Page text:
A More Doable Alternative to Volek’s “Tiered Democracy”

Stephen Yearwood
4 min readJan 23, 2024

simpler, faster: a change to the existing political system, not a new system

Photo by Fred Moon on Unsplash

Many people are of the opinion that democracy needs some kind of reboot. Most of those people focus on how elections are constructed and how votes get counted within the existing political system.

To his eternal credit, Dave Volek has come up with a proposal for a new and different democratic political system. It would replace the legislative and executive institutions that now exist in any democratic nation with a tiered system of councils that would exist in a geographical arrangement from the local neighborhood to the national level. It is integral to his proposal, as I understand it, that political parties would no longer exist. Other than political speech, everything related to the political process — the process of effecting choices for the community as a whole — would be located in that system of councils.

I like Volek’s idea. I have encouraged people to read about it.

Volek himself acknowledges that it would take a long time to effect that change. That is to my mind the only bad thing about his idea. Those councils would be formed initially as a kind of shadow government, where people would seriously consider the issues of the day and develop policies and programs to address them until they were in the position to undertake actual governance. (My understanding is that councils anywhere could undertake governance for any geopolitical entity as they developed the capacity to do that, building from scattered localities to a coherent national system.)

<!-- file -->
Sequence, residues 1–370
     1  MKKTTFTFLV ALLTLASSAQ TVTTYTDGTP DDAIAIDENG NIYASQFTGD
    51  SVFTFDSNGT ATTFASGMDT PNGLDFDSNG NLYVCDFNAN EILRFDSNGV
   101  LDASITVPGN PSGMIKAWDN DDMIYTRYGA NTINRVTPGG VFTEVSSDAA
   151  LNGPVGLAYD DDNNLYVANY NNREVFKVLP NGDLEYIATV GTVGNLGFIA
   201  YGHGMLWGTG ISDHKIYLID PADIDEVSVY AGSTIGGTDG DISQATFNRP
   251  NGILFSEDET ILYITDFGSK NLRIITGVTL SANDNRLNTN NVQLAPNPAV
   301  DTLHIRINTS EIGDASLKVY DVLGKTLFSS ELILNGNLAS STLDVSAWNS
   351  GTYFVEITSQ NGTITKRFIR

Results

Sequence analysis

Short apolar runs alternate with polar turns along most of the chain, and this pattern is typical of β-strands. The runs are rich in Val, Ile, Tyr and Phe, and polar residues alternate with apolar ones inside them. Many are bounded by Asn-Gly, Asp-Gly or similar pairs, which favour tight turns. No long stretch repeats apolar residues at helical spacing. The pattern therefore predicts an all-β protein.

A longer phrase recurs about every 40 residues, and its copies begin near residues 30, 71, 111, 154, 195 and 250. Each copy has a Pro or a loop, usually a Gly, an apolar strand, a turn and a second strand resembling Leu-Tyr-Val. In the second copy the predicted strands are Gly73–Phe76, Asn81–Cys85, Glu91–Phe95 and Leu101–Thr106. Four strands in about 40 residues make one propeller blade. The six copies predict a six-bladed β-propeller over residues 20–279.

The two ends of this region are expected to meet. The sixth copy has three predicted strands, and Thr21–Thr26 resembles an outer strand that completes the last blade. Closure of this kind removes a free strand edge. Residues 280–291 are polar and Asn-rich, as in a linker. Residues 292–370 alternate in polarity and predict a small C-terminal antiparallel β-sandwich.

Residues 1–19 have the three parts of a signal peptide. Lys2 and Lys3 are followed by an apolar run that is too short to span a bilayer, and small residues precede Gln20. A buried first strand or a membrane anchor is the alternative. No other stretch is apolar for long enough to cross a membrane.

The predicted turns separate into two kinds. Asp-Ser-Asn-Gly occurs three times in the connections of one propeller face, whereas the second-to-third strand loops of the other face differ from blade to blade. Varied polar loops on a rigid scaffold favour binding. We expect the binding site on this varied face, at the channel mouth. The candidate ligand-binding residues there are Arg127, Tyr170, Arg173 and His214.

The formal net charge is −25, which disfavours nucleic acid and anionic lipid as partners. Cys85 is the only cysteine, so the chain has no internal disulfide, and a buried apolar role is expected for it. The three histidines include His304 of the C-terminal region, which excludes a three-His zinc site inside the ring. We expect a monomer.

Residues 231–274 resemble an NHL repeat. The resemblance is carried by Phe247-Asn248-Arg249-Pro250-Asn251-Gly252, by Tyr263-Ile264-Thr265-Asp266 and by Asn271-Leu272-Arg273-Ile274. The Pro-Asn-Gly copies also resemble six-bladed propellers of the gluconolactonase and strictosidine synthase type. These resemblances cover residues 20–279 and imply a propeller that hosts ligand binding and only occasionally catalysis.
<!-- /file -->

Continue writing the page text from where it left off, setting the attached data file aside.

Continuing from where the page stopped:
To my mind, the two biggest problems democracy faces are a dearth of opportunities for impactful participation in the political process and the existence of multiple, competing political parties.

In any democracy citizens are free to express their thoughts, beliefs, and opinions and they have the rights to vote, run for office, (peaceably) assemble, and petition the government. Yet, extremely few people are in a position as an individual to have an impact on the outcomes of the political process. Much of that is due to the influence of money: rich people and the representative of large corporations are invited into the inner sanctum of the political process; for anyone else, the only way to impact directly political outcomes is to be one of the handful elected to public office. The informal but very real constraints on achieving that (many having to do with money) are well-known to all. (Working as a ‘senior aide’ to an elected official is another way to have some influence, but aides are hired based on conformity with the attitudes and goals of their employers.)

For most people, to get elected to public office requires first becoming a member of a political party. Political parties also serve many other functions in the political process, many of them positive. They are a conduit for participating in the political process in ways that do go beyond expressing opinions and voting for whoever happens to be on the ballot.